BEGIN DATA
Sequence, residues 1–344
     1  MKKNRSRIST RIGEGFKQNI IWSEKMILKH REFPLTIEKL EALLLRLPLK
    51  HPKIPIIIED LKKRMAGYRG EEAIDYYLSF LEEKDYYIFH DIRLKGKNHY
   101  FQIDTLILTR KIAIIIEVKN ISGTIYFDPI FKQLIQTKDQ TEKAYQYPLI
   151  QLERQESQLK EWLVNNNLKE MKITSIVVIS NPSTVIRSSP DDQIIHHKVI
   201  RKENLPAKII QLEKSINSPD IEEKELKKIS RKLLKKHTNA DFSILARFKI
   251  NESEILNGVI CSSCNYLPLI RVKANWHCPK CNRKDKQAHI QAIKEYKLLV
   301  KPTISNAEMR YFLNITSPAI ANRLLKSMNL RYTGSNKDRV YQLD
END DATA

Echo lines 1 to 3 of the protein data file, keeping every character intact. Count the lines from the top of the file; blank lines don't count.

Sequence, residues 1–344
     1  MKKNRSRIST RIGEGFKQNI IWSEKMILKH REFPLTIEKL EALLLRLPLK
    51  HPKIPIIIED LKKRMAGYRG EEAIDYYLSF LEEKDYYIFH DIRLKGKNHY